Determination of signal component velocity bin limits
A smoothed (linear) spectrum is derived by applying a 5-velocity-bin running-mean (cyclically) to the observed PSDs. The velocity bin limits of the signal component are determined by first locating the peak value of the smoothed PSD. The ratio of this value to the mean noise PSD, in dB units, is recorded by the radial file variable peak_smooth_psd_to_noise. Note that this is a measure of detectability and is not the same as the signal-to-noise ratio, which is typically defined as the ratio of the signal power to the noise power. The smoothed PSD envelope is followed out to either side of this peak location until:
  • the value drops below the noise PSD

  • the value drops below 0.01 of the peak smoothed PSD value, if this is reached before dropping below the noise PSD. This condition is particularly important where use of a Rectangular window has led to spectral leakage. It prevents low PSD values at the edges of signal components from having a disproportionately large effect on the spectral width values. Such low values would have a negligible contribution to the total signal power power - see e.g. Hooper (1999).

  • it encounters a local minimum for which the smoothed PSD value is less than 0.1 of the peak smoothed PSD value. This condition is important for resolving partially-overlapping clear-air (i.e. desirable) and unwanted signal components.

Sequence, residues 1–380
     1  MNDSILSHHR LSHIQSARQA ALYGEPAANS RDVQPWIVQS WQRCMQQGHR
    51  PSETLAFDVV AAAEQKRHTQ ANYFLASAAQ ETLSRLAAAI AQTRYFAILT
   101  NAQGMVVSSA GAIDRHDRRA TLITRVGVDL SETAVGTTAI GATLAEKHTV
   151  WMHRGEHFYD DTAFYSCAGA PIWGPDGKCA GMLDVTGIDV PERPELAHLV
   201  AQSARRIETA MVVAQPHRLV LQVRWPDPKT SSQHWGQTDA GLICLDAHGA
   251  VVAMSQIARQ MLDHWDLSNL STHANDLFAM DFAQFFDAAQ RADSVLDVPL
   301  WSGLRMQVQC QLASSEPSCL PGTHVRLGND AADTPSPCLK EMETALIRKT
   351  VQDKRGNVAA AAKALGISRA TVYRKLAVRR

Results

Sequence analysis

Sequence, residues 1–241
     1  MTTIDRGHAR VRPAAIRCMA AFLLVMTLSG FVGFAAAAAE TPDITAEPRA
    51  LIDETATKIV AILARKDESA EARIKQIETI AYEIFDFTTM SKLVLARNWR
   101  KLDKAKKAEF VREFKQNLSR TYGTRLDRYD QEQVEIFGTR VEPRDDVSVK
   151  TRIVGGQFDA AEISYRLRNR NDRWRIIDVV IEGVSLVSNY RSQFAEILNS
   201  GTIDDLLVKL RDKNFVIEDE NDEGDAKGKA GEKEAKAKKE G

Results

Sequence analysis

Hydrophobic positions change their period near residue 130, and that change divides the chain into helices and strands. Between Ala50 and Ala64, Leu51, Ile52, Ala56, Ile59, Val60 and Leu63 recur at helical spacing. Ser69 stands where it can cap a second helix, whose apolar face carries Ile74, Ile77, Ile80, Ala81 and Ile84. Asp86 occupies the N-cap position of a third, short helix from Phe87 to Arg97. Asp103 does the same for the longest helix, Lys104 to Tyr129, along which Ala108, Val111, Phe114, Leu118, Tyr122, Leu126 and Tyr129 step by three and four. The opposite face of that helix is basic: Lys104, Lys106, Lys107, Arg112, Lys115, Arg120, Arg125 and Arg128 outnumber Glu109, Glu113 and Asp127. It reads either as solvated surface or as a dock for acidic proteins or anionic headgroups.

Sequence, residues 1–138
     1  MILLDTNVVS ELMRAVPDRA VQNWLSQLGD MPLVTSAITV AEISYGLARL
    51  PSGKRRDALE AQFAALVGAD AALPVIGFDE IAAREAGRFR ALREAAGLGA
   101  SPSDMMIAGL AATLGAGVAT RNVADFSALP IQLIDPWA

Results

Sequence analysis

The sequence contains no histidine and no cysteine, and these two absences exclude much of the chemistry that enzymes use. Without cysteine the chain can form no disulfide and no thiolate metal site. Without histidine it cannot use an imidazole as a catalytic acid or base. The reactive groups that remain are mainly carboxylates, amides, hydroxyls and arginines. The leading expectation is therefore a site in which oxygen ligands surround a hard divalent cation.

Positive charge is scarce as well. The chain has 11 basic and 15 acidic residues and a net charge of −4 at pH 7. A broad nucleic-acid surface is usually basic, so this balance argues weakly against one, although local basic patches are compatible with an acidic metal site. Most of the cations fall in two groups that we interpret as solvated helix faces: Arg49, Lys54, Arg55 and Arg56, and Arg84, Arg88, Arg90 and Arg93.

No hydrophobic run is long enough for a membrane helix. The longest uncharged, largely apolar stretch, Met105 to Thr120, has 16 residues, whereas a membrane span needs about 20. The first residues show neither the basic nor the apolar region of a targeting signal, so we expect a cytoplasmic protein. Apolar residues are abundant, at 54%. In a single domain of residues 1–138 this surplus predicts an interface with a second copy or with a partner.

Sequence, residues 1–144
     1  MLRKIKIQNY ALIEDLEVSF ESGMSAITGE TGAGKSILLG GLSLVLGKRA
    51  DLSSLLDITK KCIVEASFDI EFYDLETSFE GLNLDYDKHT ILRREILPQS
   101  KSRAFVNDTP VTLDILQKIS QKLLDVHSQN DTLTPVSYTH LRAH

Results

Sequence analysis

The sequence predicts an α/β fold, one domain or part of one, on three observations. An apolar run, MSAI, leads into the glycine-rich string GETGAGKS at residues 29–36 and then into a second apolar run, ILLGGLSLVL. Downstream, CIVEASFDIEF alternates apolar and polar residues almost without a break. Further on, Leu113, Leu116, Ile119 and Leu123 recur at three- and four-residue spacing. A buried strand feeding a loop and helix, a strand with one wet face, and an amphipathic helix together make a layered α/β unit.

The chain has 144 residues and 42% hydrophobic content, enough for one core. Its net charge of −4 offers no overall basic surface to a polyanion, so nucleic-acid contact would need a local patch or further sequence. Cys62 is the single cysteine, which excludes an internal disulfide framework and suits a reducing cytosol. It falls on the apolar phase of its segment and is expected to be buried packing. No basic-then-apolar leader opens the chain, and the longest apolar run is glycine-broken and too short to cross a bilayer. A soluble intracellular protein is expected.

These (inclusive) limits - recorded by the radial file variables first_velocity_bin_number and final_velocity_bin_number, but abbreviated here as b1 and b2 - are shown by the blue lines in the figure above. During the process of signal identification, the observed spectrum is first extended with a copy of itself being wrapped around the Nyquist velocity bin to either side, i.e. (b = -N_DFT/2) and (b = +N_DFT/2). A partially velocity-aliased signal component, i.e. one which is apparent at both Doppler velocity bin extremes of the original spectrum, is indicated in the radial files by having ones of its velocity bin limits being extended beyond the expected range of (-N_DFT/2) to (N_DFT/2 - 1).

Calculation of the principal parameters for the signal component
The three lowest-order moments (m_0, m_1, and m_2) of the signal component are calculated from the the PSDs (in linear units) within the velocity bin limits which have been:
  • Corrected for noise, i.e. by subtracting the mean noise PSD
  • Compensated for the low-pass filtering effect of coherent integration by multiplying them by a factor CIC - see. e.g. Rastogi (1983). This has a value of 1.0 at (b = 0) and of up to a few dB at the edges of the spectrum.:

Following Woodman and Guillen (1974) or Woodman (1985):

The signal component power (P_signal), radial velocity (v_R) and spectral width (σ_w) are given by:

They are stored by the radial file variables signal_power, radial_velocity, and spectral_width, respectively. These can be used to define the magnitude, the central location and the standard deviation, respectively, of an equivalent Gaussian signal component - shown by the orange feature in the figure below - which give rise to the same values of the three lowest-order moments.

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Description of spectral data files
Description of radial data files
Description of Cartesian data files
Page maintained by David Hooper
Last updated 12th September 2008